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Bhutan: The cost of climate change

Dec 01, 2009

Bhutan’s Thorthormi glacial lake is a story of risks that climate change is building for the communities and wildlife in the Himalayas. The Indian Himalayan region is home to over 5,160 glaciers, many of them are at risk today.

WWF’s latest publication, The cost of climate change: The story of Thorthormi glacial lake of Bhutan – which will be released today once again highlights the cautionary tale about global warming.

This publication is also the first compilation of reports on the dangers of melting glaciers in not just Bhutan but also the Himalayan regions of Nepal and India.

Referring to Thorthormi mitigation work, the report mainly showcases the difficulties and results of how Bhutan has been leading in the course of adaptation works in the region.

August 4, 2009 marked the start of Thorthormi mitigation work, one of the most difficult, yet pertinent climate change adaptation projects in the history of the Himalayas, according to the report.

The water level of the Thorthormi lake, which is threatening to burst at any time, was reduced by 86 cm in October this year.

“The efforts of the 300-odd workers to drain the dangerous Thorthormi lake underlines the costs and risks of climate change,” states the report, which covers, in detail, Operation Thorthormi, with voices from people working at the lake to bring down the water level.

The report, however, says that such heroic efforts at Thorthormi lake can relieve the pressure and avert immediate disaster, but they are not the long term answer.

“At least 80 lakes in the Himalayas are today potentially dangerous, but a Thorthormi-like effort cannot be done in every one,” states the report. In Bhutan alone, there are about 25 potentially dangerous glacial lakes.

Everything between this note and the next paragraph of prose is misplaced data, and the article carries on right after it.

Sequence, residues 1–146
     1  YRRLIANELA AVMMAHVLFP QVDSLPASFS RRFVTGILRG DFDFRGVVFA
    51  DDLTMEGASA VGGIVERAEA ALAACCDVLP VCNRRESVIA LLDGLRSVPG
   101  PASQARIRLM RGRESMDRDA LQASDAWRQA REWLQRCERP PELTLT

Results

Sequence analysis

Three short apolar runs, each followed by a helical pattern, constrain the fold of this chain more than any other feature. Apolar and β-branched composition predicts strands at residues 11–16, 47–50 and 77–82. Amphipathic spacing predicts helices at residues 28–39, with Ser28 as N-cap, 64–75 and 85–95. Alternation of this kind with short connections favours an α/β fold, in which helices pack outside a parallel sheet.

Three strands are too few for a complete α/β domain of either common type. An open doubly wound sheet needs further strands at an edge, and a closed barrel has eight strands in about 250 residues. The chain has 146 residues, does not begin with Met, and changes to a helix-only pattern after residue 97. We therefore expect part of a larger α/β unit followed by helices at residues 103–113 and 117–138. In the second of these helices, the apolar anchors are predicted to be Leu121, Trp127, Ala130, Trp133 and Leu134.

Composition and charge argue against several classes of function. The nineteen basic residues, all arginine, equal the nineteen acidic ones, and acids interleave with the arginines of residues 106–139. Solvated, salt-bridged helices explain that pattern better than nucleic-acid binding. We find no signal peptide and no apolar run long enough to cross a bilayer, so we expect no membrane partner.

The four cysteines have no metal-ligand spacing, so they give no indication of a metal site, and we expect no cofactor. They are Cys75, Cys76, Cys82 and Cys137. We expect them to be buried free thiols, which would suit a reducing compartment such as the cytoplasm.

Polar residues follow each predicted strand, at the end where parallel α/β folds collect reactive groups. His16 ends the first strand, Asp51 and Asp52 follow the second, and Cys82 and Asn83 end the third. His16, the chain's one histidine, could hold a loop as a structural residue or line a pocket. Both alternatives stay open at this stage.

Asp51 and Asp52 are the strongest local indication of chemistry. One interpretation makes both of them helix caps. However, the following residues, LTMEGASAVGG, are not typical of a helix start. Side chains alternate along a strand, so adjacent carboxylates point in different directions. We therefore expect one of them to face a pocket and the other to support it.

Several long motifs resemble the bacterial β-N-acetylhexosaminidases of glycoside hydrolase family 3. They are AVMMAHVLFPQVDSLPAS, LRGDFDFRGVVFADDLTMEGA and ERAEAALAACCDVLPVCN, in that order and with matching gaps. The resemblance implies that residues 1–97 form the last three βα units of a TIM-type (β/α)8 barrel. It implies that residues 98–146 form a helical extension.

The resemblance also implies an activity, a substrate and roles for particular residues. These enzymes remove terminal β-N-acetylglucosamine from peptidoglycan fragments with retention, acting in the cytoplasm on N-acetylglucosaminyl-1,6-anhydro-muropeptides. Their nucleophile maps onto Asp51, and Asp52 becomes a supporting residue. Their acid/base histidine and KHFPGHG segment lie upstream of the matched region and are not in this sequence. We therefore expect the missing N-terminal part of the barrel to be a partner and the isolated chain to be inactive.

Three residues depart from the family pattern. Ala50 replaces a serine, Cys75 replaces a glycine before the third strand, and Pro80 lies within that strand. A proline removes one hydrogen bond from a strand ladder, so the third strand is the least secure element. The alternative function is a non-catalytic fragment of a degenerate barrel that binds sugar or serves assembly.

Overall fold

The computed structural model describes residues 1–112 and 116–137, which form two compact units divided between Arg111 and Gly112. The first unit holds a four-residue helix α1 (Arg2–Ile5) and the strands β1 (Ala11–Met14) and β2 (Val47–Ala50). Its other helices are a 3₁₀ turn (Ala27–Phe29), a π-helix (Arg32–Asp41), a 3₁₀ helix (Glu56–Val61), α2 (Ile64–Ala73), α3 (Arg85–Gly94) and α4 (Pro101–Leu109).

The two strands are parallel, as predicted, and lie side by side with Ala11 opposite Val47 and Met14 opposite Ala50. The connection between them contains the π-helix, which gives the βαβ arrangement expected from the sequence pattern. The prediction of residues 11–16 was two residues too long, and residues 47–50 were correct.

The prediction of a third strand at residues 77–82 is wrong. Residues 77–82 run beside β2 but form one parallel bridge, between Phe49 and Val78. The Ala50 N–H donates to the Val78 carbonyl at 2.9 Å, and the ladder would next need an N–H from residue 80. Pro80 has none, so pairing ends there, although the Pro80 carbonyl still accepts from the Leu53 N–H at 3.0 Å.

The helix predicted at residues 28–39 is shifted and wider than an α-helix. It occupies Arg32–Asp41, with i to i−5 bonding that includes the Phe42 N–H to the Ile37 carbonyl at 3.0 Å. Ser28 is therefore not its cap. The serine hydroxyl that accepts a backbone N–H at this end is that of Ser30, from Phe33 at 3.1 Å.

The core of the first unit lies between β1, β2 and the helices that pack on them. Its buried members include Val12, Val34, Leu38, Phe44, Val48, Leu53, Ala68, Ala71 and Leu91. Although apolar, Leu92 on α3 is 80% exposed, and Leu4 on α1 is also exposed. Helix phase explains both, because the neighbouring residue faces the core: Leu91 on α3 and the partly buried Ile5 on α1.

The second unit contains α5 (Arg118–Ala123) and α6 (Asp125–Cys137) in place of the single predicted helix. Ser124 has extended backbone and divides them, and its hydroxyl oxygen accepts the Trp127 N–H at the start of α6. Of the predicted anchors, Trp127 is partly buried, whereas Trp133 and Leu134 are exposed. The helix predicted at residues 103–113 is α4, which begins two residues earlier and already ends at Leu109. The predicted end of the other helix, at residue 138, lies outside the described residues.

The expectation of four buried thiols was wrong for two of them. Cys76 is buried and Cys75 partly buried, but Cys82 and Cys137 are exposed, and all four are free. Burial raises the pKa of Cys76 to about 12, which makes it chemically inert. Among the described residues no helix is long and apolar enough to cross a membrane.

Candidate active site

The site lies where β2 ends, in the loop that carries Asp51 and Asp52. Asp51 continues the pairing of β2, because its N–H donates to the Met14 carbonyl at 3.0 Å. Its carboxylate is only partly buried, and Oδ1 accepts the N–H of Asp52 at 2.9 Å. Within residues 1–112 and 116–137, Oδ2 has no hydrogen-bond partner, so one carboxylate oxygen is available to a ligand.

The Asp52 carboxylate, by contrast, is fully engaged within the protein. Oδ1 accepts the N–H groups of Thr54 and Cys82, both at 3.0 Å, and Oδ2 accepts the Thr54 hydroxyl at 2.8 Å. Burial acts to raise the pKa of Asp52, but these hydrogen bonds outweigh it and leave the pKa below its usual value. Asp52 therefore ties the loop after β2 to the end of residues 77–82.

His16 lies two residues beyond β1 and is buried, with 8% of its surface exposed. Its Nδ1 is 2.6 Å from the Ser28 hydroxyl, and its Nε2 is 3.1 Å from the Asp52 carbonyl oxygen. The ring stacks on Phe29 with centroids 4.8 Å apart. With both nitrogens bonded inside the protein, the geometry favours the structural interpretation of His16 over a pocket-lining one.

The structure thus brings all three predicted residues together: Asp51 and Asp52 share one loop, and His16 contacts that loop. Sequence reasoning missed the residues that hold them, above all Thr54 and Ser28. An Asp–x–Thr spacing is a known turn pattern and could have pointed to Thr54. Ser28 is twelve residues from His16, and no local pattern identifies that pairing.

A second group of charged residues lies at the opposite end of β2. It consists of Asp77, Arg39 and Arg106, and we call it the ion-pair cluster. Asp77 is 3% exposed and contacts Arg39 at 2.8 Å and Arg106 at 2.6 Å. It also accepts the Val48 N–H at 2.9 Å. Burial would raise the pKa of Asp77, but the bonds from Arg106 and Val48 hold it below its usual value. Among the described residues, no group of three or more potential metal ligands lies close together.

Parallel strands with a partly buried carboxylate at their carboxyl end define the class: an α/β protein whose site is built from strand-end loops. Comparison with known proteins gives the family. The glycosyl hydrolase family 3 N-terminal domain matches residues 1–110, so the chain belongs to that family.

The report also notes that, although Thorthormi tsho is the largest and most dangerous among the new lakes, about 16 new glaciers and 82 glacial lakes have formed in the Pochu headwaters alone.

The report also outlines the potentially dangerous glacial lakes in Nepal and India. The Indian Himalayan region is home to over 5,160 glaciers and about 35 destructive glacial lake outburst floods (GLOF) have been recorded in the upper Indus river system that caused damage to lives and infrastructure.

Fourteen glacial lakes have been identified as potentially dangerous lakes in Sikkim, according to the WWF report.

Nepal, on the other hand, harbours 3,252 glaciers and 2,323 lakes. About 20 of them have been listed as potentially dangerous. A GLOF in 1985 destroyed bridges, hydel projects and swept away many lives, according to the report.

“The report underlines how vital it is to come to an agreement to reduce carbon emissions, the extent of climate change and reduce the loss of lives in areas that have contributed very little to the problems they now face,” said Kim Carstensen, leader of WWF’s campaign to secure fair, effective and binding global climate deal at Copenhagen summit this month.

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